“OK,” Taylor had to interrupt her sister to accept. “I’ll check tickets as soon as we get off the phone. I’ll come over your fall break. That’s the second week in October, right?”

Tia squealed. “I can’t believe it! You’re finally cracking your good-girl shell. Yes, yes, come that week and stay one more - you can sit it on my “Advanced Psychology of the Criminal Mind” class and ogle Tim with me.”

Taylor hung up her cell phone, slipped it into her pocket and went back indoors. Bravo followed, never one to be left behind. “I’m going to visit Tia next month,” she told Wes as she passed the entry to the living room. “I’m going over her fall break and will probably stay an extra week.”

“OK,” with typical nonchalance, Wes didn’t even raise his eyes.

Two weeks later, Taylor stood chewing the inside of her cheek as she studied her suitcase. Never one to worry too much about her “cute quotient” especially since getting married, she wasn’t sure what to pack. She flipped through her unorganized hangers like the pages of a familiar book. Five to one, most articles were brown, blue or green. The occasional purple top stood out because one time Tia had said it made her eyes pop.

Taylor had enviable eyes. Without the aid of contacts they vacillated between gray-blue and brown-green. Her lashes belied their nakedness and her allergy to mascara. Her complexion, though not perfect was well past the teenage frustrations. She put forth a golden tan, which she sometimes worried might look sallow if she wore yellow.

Her last visit to the hairdresser, two visits after the worst nightmare of her life, Patty had suggested an angled bob that swished at her chin and made the most of her fine hair. She wasn’t Jennifer Aniston, but she was finally confident in her own beauty. That in itself had taken the last 15 years of her life, as she clawed her way out of the jaws of anorexia.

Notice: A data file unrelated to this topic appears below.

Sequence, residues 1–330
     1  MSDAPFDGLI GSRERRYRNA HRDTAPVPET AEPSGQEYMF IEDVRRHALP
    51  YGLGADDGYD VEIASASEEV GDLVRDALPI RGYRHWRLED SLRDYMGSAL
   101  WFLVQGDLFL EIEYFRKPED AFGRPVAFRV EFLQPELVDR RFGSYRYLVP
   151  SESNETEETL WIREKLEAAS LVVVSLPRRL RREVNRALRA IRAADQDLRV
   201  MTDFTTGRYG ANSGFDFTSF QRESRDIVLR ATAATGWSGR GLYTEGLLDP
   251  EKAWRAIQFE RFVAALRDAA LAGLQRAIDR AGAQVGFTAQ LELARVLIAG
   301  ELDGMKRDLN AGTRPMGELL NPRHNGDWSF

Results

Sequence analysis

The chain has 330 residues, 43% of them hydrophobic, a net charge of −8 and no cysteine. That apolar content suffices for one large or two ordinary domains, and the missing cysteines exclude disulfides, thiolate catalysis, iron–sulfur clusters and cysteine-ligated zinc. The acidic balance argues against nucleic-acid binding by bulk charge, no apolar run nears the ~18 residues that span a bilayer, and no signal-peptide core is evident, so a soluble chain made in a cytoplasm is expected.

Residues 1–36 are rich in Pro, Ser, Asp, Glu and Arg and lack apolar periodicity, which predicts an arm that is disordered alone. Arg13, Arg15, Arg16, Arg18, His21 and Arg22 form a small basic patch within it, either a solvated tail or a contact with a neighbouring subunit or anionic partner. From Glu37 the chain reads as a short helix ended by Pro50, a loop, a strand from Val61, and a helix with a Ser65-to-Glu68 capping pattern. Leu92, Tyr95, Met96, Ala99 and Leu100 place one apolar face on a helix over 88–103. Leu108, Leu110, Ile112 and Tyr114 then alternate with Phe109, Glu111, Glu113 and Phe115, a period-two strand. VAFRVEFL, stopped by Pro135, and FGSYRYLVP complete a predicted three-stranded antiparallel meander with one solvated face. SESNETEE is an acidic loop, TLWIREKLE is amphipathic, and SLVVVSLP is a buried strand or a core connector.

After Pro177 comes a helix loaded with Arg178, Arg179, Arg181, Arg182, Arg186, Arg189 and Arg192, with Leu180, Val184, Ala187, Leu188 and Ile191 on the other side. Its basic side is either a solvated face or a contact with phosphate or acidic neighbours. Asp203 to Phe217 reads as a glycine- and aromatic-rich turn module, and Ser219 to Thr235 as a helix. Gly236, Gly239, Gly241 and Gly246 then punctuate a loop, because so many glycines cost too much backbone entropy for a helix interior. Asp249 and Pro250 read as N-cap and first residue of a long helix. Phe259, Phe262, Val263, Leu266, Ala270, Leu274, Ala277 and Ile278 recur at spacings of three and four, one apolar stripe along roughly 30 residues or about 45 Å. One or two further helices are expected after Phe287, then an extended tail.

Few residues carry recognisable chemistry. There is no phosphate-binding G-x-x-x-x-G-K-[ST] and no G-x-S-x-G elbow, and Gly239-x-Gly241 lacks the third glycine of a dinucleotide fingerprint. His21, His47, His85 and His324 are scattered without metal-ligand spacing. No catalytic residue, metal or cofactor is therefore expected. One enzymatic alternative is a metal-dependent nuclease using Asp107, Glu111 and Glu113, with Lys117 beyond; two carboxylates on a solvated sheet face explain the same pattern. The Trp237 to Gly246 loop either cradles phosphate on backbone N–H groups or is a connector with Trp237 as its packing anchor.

Taylor made sure to toss her favorite perfume, Angel Innocence, in between the layers of clothes to protect the bottle. She liked to think of it as her signature fall fragrance. Summer lent itself to Coconut Lime Verbena from Bath and Body Works. Finally she zipped the bag closed, pleased that it fastened without a struggle. Packing lightly - one virtue she had learned from her military husband.

Bravo looked gravely concerned at the suitcase. “Don’t worry, silly,” Taylor stroked his floppy ears and swiped matter from his liquid brown eyes. “Gross. You’re coming with me this time, pup. But you have to ride under the plane because you’re a little too big. I’m glad it’s cool enough.”

When the plane touched down in Boston, Taylor felt the lightest she had in years. Wes had finally acknowledged she was leaving, but didn’t offer to make the time to drive her to the airport. That small carelessness had added one more nail to the coffin of their marriage. His insensitivity had been suffocating her, she felt like she was dying inside.

But not today! She rushed down the long terminal, dragging a sleepy, slightly intoxicated Bravo behind her. “Tia! Tia!” She caught sight of her sister’s curls, perched on a head 2 inches taller than her own.

The girls swung into each other’s arms as if they hadn’t really seen each other just last Christmas. For Taylor, it had been about that long since she had last felt the joy of embrace.

Tears pricked Taylor’s eyelids, but she refused to allow them exit. She didn’t want to add fuel to the fire of Tia’s dislike for her husband. Taylor needed a vacation, ten days of companionship and unsolicited affection. She wasn’t yet party to Tia’s intention of finding her a “real” man.

“Impressive,” Tia harassed her sister. “Only one, well-zipped bag! Where are all the cute shoes?” The girls laughed, knowing that they each had their weaknesses - Tia’s was shoes, Taylor’s was purses. “You didn’t notice my new bag,” Taylor said. “The most expensive bag I’ve ever bought - but I did get it on double sale. Only $40 at Dillard’s, originally $105.”

“Now that’s impressive,” Tia agreed. She popped the extended grip on Taylor’s bag and took off at a near sprint to the parking garage. “Come on, girl. If we can get out of here in the next three minutes, I don’t have to pay for parking!”